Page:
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As regulators of bioenergetics in the cell and the primary source of endogenous reactive oxygen species (ROS), dysfunctional mitochondria have been implicated for decades in the process of aging and age-related diseases. Mitochondrial DNA (mtDNA) is replicated and repaired by nuclear-encoded mtDNA polymerase γ (Pol γ) and several other associated proteins, which compose the mtDNA replication machinery. Here, we review evidence that errors caused by this replication machinery and failure to repair these mtDNA errors results in mtDNA mutations. Clonal expansion of mtDNA mutations results in mitochondrial dysfunction, such as decreased electron transport chain (ETC) enzyme activity and impaired cellular respiration. We address the literature that mitochondrial dysfunction, in conjunction with altered mitochondrial dynamics, is a major driving force behind aging and age-related diseases. Additionally, interventions to improve mitochondrial function and attenuate the symptoms of aging are examined.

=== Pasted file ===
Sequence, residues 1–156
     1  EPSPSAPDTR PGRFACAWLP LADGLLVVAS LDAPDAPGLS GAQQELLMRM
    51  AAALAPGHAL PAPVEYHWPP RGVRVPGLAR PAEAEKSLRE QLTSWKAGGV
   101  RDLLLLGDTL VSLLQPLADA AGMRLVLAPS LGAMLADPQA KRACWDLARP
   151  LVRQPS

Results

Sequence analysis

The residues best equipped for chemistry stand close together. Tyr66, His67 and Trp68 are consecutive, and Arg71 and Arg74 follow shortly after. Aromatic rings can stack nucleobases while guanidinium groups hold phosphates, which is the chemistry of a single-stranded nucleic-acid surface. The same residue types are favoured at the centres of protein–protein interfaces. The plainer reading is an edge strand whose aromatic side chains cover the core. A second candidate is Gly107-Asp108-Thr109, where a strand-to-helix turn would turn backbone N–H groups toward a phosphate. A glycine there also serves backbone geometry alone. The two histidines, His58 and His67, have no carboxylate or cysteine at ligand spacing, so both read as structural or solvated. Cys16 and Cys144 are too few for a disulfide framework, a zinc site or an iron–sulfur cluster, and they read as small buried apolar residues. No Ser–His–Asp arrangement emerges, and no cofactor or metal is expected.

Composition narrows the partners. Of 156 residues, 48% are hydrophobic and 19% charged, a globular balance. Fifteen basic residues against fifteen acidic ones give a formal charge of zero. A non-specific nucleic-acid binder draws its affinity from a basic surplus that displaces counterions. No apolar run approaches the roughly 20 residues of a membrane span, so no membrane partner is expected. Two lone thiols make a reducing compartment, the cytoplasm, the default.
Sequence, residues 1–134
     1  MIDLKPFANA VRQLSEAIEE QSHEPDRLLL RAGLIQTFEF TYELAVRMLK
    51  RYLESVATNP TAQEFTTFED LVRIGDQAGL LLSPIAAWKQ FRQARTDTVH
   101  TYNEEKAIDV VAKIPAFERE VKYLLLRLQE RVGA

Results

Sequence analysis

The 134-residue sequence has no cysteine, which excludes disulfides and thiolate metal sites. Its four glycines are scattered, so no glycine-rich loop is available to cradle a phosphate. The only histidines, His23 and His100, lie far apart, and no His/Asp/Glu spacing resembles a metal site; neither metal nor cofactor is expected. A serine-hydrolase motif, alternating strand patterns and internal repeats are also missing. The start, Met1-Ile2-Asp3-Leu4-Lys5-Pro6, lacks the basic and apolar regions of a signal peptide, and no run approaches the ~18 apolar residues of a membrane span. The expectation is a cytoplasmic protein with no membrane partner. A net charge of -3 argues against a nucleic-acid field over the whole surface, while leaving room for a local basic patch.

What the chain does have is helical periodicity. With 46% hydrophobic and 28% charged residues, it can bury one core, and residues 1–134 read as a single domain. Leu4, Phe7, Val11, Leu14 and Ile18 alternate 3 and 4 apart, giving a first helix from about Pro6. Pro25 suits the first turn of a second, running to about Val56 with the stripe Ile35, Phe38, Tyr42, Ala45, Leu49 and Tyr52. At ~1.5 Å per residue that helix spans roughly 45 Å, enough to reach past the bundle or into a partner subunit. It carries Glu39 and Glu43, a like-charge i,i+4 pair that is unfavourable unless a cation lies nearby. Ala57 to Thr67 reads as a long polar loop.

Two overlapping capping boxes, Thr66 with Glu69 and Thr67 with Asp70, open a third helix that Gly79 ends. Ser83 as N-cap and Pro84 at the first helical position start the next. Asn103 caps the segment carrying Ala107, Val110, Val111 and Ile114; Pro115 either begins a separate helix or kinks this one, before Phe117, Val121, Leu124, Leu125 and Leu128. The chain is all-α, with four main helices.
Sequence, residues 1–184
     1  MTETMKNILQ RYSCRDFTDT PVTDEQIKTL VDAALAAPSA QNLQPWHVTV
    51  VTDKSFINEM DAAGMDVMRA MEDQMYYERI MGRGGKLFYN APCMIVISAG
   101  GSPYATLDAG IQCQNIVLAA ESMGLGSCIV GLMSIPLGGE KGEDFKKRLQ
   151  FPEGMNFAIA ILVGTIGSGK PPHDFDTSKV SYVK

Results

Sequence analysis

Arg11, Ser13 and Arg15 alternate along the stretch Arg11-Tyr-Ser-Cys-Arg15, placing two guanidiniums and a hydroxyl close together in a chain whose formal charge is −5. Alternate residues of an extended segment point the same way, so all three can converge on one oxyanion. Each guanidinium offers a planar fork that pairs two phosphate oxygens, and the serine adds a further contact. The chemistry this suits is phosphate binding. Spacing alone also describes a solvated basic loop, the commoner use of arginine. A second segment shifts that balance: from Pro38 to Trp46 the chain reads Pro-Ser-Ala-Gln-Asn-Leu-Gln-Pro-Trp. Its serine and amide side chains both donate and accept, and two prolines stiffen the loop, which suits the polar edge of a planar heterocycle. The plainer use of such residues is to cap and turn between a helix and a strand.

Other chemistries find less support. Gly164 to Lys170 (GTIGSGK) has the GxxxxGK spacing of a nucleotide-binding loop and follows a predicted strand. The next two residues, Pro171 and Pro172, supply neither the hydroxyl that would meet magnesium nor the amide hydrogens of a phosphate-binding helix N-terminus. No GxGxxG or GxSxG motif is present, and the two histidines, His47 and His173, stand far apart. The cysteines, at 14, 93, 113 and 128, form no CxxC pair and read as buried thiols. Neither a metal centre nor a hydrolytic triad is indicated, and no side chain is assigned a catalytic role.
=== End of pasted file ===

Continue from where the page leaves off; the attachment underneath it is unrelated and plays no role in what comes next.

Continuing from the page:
Aging is a highly complex, progressive process characterized by impairment in physiological function eventually leading to disease and death. This impairment is the result of accumulated molecular damage associated with metabolic activity and regulated by genetic and environmental effects (Kirkwood, 2005). In the 1950’s, Harmon first proposed that ROS generated by normal metabolism directly regulate the aging process (Harman, 1956). He later refined his theory to include mitochondria as both the primary source and target of ROS, leading to the accumulation of defective mitochondria and the hindrance of functional replacements (Harman, 1972). Others specifically advocated that accumulation of ROS-driven somatic mtDNA mutations, secondary to a lack of adequate repair mechanisms, is the main driving force behind aging (Fleming et al., 1982; Linnane et al., 1989). The mtDNA mutations lead to disruption of the electron transport chain (ETC), which generates more ROS followed by additional mtDNA mutations, thus creating a “vicious” cycle of damage culminating in apoptosis (Mandavilli et al., 2002).